Well, my adventure in learning Silverlight development began with some quality time spent up on the MIX 07 site. In poking around a bit, I found that all the sessions from the conference were posted and available for on-demand playback, and even better, the DEV22 session was right on point to get me started. To whoever is responsible for this site – thank you – you’ve provided a tremendous resource for us.
The session walks through the basics of Silverlight 1.1 development, and pointed me to silverlight.net, home of “everything you need to get started“. To set up a proper development workstation, you’ll (of course) need to install the Silverlight runtimes (1.0 Beta + 1.1 Alpha) and the May 2007 ASP.NET Futures (to get the Silverlight controls for ASP.NET.)
From there, it’s tool time. You’ll need:
- Microsoft Visual Studio codename “Orcas” Beta 1
- Microsoft Silverlight Tools Alpha for Visual Studio codename “Orcas” Beta 1
- Microsoft Silverlight 1.1 Alpha Software Development Kit (SDK)
which are accessible from the links on the silverlight.net site. If you’d like to explore the design side, there are links there for the latest builds of Expression Blend 2 May Preview, Expression Media Encoder May Preview, and Expression Design as well.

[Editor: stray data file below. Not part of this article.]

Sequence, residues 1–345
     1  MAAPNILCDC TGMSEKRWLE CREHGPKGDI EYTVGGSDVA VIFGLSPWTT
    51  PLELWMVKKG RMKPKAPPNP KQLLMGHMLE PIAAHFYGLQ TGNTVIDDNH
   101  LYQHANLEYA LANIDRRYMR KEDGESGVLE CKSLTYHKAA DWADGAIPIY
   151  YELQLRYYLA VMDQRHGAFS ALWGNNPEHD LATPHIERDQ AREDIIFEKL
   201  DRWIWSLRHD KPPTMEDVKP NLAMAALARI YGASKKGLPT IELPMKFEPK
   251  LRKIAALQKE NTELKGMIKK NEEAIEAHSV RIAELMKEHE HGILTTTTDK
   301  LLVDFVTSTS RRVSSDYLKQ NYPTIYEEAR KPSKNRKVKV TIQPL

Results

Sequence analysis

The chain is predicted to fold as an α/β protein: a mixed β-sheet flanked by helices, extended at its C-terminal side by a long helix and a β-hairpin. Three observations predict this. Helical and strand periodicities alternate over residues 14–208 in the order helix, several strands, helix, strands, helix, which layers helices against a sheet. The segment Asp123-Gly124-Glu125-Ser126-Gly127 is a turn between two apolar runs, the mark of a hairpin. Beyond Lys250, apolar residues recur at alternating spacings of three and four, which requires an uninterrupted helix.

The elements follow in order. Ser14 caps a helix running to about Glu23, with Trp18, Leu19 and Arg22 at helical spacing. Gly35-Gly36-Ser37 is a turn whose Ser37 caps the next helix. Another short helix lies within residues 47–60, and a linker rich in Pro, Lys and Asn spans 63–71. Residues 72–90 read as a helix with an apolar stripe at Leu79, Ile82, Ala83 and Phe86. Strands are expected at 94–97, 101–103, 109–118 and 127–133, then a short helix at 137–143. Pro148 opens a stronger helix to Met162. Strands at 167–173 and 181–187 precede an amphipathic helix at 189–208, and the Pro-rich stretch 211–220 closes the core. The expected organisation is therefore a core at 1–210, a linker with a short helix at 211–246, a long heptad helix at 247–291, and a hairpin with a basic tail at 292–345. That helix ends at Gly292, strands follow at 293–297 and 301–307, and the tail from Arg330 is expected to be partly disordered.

I installed Orcas Beta 1 on my development workstation on advice of a colleague who said “just go ahead – it’ll work.” I was a bit concerned, as I already had Visual Studio 2005 + beta tools for .NET 3.0 (WPF, WCF, and WF project templates etc.), but I figured “why not? Todd said it would work…”
Drawing from my vast experience of always selecting the default install for pre-release software, I of course completely ignored years of painful experience and selected “Full Install” instead. I also launched the install with 10 zillions apps running at the same (against the advice of the installer.) Can you guess the result? (hint: BOOM!)
So, I tried again using the “Default Install” path and every worked out just fine. I verified this by making sure my existing WPF apps built and ran (using Visual Studio 2005), and much to my relief, they did just fine. If everything is installed properly, you’ll end up with Whidbey and Orcas, side-by-side in harmony.
The complete changes to your workstation will be visible from the start menu as well. I installed both the dev tools and the design tools, and the additions are highlighted as follows.
As you can see, Orcas is also known as Visual Studio 9.0, but Vista’s start menu search makes it easy to find by either name. If you launch Orcas and select File|New Project…, you should see templates for Silverlight available in your favorite .NET language.
This is enough to get started with the SDK samples and do a few experiments of your own. From here, my next step will be do begin porting my WPF app over to Silverlight 1.1 and inventory what I find. That will be the subject of my next posts of this series.